This article discusses the experience of climbers who rest on tall rocks, and the thrill of watching them perform daring feats that can make your heart skip a beat. It highlights the challenges and dangers involved in rock climbing, particularly when climbers take a break on rocky outcroppings. The article emphasizes the mental and physical fortitude required for this activity, as well as the excitement of observing climbers in action. In general, the story celebrates the awesomeness of rock climbing and the bravery of those who engage in it.
Rest for Success : Vertical Rock
For enduro-packed routes, the best way to stay power is to get more often and more quickly during the climb. You can do as many training laps as you want for Tampa, but it’s more likely that you’ll get the on-sight on any surface if you learn how to take smart breaks along the way. Rest to do well!
Your legs are much stronger than your arms, so look for ways to rest your fingers and wrists along the way. Corners are the most obvious places to stem, but you can also often stem between knobs, pockets, ribs, tufas, or other rock features on a flat wall.
To rest on a face climb or arête, put your instep over a stone or edge, rock onto it, and then sit on that foot, keeping your weight close to the wall with the other leg hanging down.
Stemming and thin face climbing can make your feet and legs as tired as your fingers and wrists. This can make it hard to move your feet in a precise way. Try resting your lower leg by standing on a good base with your heel instead of your toe. If you can, switch feet.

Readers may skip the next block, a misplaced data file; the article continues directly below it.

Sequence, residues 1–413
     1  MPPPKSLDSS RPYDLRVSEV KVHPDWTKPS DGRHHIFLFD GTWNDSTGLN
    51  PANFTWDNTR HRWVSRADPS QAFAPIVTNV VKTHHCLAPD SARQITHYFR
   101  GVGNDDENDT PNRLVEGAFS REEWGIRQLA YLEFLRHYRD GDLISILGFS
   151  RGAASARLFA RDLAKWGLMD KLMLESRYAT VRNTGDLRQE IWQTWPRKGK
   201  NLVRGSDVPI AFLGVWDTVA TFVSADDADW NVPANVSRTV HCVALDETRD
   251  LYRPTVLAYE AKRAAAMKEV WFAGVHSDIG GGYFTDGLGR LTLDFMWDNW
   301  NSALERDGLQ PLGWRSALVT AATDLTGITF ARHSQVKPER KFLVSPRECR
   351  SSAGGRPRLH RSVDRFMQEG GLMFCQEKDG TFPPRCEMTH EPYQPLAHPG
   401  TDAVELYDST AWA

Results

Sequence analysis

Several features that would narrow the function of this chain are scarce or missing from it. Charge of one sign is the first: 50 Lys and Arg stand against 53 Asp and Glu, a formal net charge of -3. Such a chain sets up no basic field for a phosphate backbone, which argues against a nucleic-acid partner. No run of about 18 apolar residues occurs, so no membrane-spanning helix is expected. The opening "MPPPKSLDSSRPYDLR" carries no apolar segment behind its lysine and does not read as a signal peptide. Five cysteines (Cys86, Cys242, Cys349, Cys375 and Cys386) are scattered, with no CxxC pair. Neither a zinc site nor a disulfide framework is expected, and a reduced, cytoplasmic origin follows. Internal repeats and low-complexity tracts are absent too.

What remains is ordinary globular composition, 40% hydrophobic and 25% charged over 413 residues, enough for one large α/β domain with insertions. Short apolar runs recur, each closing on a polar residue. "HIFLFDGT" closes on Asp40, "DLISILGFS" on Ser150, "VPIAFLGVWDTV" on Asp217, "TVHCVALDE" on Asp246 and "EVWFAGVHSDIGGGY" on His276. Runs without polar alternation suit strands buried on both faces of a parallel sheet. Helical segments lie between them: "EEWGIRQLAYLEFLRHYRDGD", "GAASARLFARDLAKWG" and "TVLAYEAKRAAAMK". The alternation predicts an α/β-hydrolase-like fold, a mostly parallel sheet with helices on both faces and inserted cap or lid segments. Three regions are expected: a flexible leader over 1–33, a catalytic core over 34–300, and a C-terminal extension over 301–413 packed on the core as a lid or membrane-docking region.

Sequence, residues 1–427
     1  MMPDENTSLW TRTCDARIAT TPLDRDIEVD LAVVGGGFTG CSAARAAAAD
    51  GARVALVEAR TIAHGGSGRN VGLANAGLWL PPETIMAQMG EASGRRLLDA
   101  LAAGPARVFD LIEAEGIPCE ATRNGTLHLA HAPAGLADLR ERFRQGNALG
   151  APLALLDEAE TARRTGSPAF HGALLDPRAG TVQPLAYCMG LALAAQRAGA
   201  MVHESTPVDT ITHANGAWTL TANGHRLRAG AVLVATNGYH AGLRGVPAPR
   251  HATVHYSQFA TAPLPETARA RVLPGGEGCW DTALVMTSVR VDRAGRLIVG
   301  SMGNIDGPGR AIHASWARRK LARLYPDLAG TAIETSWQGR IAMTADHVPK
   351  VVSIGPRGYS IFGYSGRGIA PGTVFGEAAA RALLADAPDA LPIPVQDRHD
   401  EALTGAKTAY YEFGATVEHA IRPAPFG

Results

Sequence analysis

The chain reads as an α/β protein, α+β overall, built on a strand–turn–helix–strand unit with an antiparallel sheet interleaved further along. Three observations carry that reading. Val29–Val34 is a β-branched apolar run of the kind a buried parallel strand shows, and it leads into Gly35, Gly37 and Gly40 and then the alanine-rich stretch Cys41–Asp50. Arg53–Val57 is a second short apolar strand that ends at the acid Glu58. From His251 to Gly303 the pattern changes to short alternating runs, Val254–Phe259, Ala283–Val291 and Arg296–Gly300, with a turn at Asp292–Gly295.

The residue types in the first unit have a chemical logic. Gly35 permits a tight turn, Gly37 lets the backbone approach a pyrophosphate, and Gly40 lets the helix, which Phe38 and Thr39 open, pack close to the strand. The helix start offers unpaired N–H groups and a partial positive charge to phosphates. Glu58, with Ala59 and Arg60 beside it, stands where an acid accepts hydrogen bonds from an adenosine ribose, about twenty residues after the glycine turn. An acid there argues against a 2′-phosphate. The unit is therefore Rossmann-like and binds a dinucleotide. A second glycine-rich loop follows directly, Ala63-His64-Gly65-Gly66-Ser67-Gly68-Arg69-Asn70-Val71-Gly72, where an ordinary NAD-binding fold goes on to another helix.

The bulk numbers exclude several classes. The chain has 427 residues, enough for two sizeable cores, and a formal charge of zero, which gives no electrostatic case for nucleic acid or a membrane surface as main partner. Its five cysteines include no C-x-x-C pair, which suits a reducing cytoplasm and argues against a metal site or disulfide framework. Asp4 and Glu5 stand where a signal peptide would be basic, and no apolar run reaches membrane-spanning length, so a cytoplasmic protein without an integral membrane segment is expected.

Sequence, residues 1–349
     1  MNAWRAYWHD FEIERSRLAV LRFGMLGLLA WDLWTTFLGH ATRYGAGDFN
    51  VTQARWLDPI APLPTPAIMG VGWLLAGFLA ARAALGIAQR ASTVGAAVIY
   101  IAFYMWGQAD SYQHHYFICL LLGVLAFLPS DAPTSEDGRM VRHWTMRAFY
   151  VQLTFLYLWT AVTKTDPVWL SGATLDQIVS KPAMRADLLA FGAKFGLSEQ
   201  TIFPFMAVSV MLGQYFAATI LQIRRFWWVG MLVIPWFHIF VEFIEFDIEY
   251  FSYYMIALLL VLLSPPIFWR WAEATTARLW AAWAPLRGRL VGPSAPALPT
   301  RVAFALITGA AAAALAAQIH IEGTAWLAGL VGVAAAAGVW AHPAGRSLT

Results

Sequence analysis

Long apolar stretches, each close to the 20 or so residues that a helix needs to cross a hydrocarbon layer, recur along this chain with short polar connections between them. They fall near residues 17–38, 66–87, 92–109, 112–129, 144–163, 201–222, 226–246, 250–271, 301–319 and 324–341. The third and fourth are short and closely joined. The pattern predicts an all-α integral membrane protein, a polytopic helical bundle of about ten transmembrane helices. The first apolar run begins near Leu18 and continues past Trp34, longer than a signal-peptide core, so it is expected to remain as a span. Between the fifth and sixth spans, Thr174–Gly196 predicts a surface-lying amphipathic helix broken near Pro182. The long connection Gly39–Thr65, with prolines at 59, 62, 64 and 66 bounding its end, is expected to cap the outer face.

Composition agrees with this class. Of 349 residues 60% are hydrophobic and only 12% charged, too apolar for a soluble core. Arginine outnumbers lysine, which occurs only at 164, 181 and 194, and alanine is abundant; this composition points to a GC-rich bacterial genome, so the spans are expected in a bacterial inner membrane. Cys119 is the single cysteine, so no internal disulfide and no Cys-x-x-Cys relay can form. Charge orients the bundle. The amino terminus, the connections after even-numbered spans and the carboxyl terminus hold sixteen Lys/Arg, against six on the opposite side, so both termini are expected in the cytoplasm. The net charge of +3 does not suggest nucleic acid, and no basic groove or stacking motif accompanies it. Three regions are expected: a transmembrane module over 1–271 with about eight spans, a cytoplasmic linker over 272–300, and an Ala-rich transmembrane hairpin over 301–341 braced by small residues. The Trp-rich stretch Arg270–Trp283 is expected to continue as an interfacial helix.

A wall with lots of bumps gives you a lot of places to rest your fingers. Curl your thumb or wrap your pinky around a knob to give your fingers a break. When you reach an extra-large, flat edge, put your arms on the shelf instead of your hands.
On overhead rigs, where your arms and legs do most of the work, stemming is even more important. Even if the sogpeg or hole isn’t very deep, it may be possible to do a quick stem and ake.
When two rock planes are too close together for effective stemming, you may still be able to use a door-knee to get a rest between them. Turn your body sideways. And for your inner knee toward the ground, spreading with both feet in orrotop, like you’re chimneying. If your dgor-kpee is good enough, you might be able to put down one or both hands to rest.